The film is about Céline, a young novice who shocks the mother superior of her convent with her ecstatic blind faith. For her own good she's expelled from the order.
‘Hadewijch’ combines spiritual, religious, existential and political themes, so that makes for a rather challenging viewing! Not in the sense that you won’t like the movie, I think you will appreciate the pace, which is somewhat slow, meditative, but very comfortable, and the pictures, which are very clear and detailed. It results in an intimate connection with the main character Céline. Since there is hardly a scène without her, she has to intrigue us in order for the story to succeed. The director manages to do so by way of his filming and storytelling. He pulls us towards her.
The movie is technically accessible, but thematically challenging. The meaning of the individual scenes and the overall direction of the story can elude you sometimes, and especially the ending is very enigmatic, maybe confusing even. I’m not going to explain the movie, that would do unjust to the story which is about God in a sense, but not about understanding God, but experiencing Him. I am going to give you a couple ‘handles’ though, so it will be a little easier for you to give meaning to the individual scenes and the story as a whole:
The movie isn’t
named ‘Hadewijch’ without a reason off course. Hadewijch is a rather known
mystica in these parts of northern Europe. She
lived in the early 13th century. She could read and write, in three
languages, Dutch, French and Latin, was known with literature, both the profane
and the religious, and her own writing shows knowledge of the courtly manners. So
it’s very likely she was of nobility. Yet like a notable amount of
contemporary, noble women, she chose to live a life of celibacy and enter a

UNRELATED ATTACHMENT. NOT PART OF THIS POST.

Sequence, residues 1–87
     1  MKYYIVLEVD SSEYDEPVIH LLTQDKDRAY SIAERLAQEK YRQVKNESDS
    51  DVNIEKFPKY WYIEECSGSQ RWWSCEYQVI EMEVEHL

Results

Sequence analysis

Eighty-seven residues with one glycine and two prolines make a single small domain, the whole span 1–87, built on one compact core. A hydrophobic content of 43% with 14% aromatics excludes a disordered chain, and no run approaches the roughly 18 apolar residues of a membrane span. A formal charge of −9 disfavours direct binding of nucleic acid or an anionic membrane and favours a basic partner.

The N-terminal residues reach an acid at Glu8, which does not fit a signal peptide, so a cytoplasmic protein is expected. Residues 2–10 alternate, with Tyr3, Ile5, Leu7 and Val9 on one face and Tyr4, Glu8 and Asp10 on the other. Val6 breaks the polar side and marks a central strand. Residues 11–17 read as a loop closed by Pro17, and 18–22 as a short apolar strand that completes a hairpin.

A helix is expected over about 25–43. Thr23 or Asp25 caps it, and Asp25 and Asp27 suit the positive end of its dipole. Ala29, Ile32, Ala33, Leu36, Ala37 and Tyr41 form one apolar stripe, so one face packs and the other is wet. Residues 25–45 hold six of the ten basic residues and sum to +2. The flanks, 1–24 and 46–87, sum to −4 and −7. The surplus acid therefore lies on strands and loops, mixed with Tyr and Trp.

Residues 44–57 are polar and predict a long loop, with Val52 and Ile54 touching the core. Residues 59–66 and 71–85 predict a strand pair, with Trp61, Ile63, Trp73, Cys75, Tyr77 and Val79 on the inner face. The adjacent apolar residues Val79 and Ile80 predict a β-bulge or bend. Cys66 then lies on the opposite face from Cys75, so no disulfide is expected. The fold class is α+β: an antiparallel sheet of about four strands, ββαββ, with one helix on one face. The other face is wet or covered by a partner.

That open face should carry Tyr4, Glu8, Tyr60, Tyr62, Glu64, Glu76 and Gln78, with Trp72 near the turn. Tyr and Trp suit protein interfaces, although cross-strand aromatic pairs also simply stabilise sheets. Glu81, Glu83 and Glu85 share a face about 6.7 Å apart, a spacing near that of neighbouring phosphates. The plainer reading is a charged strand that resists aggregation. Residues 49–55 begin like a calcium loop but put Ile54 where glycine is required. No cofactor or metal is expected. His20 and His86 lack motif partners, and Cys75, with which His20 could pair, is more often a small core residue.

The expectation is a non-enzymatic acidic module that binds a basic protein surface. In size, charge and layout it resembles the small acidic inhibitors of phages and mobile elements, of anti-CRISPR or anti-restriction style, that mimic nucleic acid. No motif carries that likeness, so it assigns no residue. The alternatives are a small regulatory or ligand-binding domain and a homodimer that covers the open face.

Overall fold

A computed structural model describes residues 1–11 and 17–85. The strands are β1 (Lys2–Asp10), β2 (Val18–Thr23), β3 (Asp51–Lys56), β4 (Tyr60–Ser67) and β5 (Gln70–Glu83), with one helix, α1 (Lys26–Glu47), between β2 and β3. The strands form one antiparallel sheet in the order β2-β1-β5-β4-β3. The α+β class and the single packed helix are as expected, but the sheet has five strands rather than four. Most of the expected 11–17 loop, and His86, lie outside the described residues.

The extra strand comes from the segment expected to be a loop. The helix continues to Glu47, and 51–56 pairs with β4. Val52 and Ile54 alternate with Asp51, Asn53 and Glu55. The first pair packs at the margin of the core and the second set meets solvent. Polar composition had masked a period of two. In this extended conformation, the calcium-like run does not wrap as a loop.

convent. This wasn’t expected of them at all, until this day it’s a bit unclear
to scholars why so many noble women in that particular period entered the
The girl in the movie is named Céline, which means ‘heavenly’. She also has the desire to live a life of celibacy and enter a convent, and the new name she chooses for herself is ‘Hadewijch’. Céline is the daughter of a minister, a member of the French parliament. So although she isn’t of nobility per se, she is definitely born in the more exclusive echelons of society. Just like the mystica Hadewijch. The similarity between both characters is obvious.
The mystica Hadewijch from the 13th century lead a pious life of prayer and most notably writing. Until this day she is known for her lyrical and loving, but also tragic search for the intimacy with God. This is a recurring theme in the writings of all the mystics: the desire to become one with God, to be united in His divine love, but ultimately the impossibility to experience or achieve this intimate bonding here on earth. The famous mystic St. John of the Cross described this as the ‘dark night of the human soul’. Other mystics who wrote about this intense experience of loneliness and the absence of God are for example St. Hildegard von Bingen, St. Therese of Lisieux and also mother Theresa.
The confronting question we have to ask ourselves as modern people is: is this experience of the absence of God, simply caused by the fact that He doesn’t exist, or is it in His divine nature that He ultimately eludes us here one earth, until we are fully and finally reunited with Him in heaven? This question is the fundament of Céline’s life, search and struggle. A fellow searcher for God who she meets, the intense and charismatic muslim Nassir, describes it as the 'invisibility of God': He is near in His apparent absence, He accompanies you, even when you can’t see or feel Him. God is the transcendent. He only manifests Himself in our prayer and adoration, especially when we endure the experience of the dark night of the human soul, the utter experience of His absence.
Now this is pretty intense, isn’t it? Do we or don’t we agree with his statement about the near but invisible God? Do we or don’t we agree with the words and wisdom of the mystics? Is Céline weird or wonderful? Is she a saint or insane? Your answer to these questions will determine the meaning of the end of the movie.
- pastoraal werker Yuri Saris
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